But, he added, “If we address the core issue, the behavior will usually correct itself.”
He said the downtown exclusion zone — which bans repeat criminals from downtown for a period of 180 days and arrests them for trespassing if they violate the ban — has been very effective.
“It’s another tool for our officers to use to ensure that any lawlessness downtown is combatted,” Klopfenstein said.
He said there may not be a high number of people being excluded, but it targets specific troublemakers.
“That one person can make the whole downtown area have a sigh of relief when they’re excluded,” Klopfenstein said.
Almost twenty years ago, Klopfenstein started applying to jobs after graduating from Western Oregon University having studied law enforcement.
He said the field was competitive in 1999 and it was hard to get your foot in the door, so he applied everywhere to get interview experience.
His parents had a farm in the Willamette Valley and he said his dad kept trying to convince him to come back to farming.
“I’ve always been the person that in the middle of the night will come help somebody if they need it. That’s just my personality,” Klopfenstein said, “I think I gravitated towards this.”
He interviewed with the Florence Police Department and told that he knew he had gotten the job. She wasn’t very excited about moving there, but he had an interview with Roseburg the following day, he said.
He got the Roseburg job.
“Initially I wasn’t sure this was my city,” Klopfenstein said, “It didn’t take long, even as soon as we got to the academy a couple months in I realized Roseburg’s really squared away.”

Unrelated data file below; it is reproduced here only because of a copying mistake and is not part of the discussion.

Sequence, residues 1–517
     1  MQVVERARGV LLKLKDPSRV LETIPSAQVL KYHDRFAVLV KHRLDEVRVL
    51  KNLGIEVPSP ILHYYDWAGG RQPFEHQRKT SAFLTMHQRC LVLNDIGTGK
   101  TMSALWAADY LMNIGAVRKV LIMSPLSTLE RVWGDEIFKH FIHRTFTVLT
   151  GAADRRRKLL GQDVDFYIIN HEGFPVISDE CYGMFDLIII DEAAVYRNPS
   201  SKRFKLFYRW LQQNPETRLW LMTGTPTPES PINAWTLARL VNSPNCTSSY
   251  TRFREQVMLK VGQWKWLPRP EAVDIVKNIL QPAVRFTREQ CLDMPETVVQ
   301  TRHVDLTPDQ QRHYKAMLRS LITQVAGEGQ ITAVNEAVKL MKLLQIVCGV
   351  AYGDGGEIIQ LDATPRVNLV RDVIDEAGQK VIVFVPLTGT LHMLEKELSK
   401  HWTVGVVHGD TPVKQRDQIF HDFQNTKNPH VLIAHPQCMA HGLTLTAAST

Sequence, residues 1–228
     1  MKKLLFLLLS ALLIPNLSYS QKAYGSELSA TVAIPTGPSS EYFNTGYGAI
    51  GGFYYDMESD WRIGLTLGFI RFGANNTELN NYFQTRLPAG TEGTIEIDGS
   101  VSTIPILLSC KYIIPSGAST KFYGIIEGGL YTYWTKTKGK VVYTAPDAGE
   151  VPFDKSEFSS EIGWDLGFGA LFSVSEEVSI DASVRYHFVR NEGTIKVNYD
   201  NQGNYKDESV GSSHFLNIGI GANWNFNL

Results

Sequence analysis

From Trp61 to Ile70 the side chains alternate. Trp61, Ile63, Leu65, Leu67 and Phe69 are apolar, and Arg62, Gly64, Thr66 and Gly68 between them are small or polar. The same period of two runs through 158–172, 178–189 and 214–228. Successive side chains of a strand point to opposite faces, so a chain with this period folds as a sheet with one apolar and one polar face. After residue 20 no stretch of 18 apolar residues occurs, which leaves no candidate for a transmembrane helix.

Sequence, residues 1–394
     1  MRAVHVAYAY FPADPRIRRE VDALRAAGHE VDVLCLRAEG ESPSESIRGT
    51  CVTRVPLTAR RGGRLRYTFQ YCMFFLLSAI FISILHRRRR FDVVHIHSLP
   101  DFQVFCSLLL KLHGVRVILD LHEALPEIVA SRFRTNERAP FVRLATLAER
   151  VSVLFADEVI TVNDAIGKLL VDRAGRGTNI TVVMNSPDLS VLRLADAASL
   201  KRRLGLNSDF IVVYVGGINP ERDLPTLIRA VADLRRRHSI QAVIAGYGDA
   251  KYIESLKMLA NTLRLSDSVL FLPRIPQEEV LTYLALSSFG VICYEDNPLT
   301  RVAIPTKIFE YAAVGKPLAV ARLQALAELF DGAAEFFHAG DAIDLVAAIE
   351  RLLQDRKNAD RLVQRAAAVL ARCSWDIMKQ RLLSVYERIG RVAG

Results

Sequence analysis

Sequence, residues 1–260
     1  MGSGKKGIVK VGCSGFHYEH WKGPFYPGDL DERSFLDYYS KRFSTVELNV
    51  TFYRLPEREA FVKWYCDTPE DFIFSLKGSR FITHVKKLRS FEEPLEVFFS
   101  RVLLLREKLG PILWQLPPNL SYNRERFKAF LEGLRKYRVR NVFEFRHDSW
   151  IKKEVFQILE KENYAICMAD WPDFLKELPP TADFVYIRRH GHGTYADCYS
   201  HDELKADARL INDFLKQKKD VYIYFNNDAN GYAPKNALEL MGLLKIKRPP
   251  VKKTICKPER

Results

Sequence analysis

Now, he said he’s grateful for the opportunity he’s been given to become chief, but he’s not the type to brag.
“I will show you through my work effort and my work product what I want you to know. I’m not going to boast about it,” Klopfenstein said.
And later, “I’m super humbled by even getting this position,” he said, “It’s amazing.”
GLIDE — J.P. Wilson of Glide had been hearing sermons in church about the importance of finding a spiritual mission. So he’d been thinking and praying a lot about that, when one night at 1:30 in the morning he ran across an online show featuring Mike Rowe of “Dirty Jobs” fame.
This show was called ”Returning the Favor,” and the episode featured a nonprofit Idaho-based organization called Sleep in Heavenly Peace. The organization builds beds for kids who don’t have them.
“I clicked on it, and it was like a light went off, and it was like there you go, there it is,” Wilson said.
Wilson decided to start a Glide chapter of Sleep in Heavenly Peace.
Wilson went to Twin Falls, Idaho, where the nonprofit is based, to join other chapter presidents in a weekend training, which included making deliveries to kids. He remembers one little girl, about 3 years old, just beaming as she jumped up onto her new bunk bed, and he knew the three grown men who were with him were hiding tears behind their sunglasses. So was he.
Once you make one of these deliveries, he said, you’re hooked.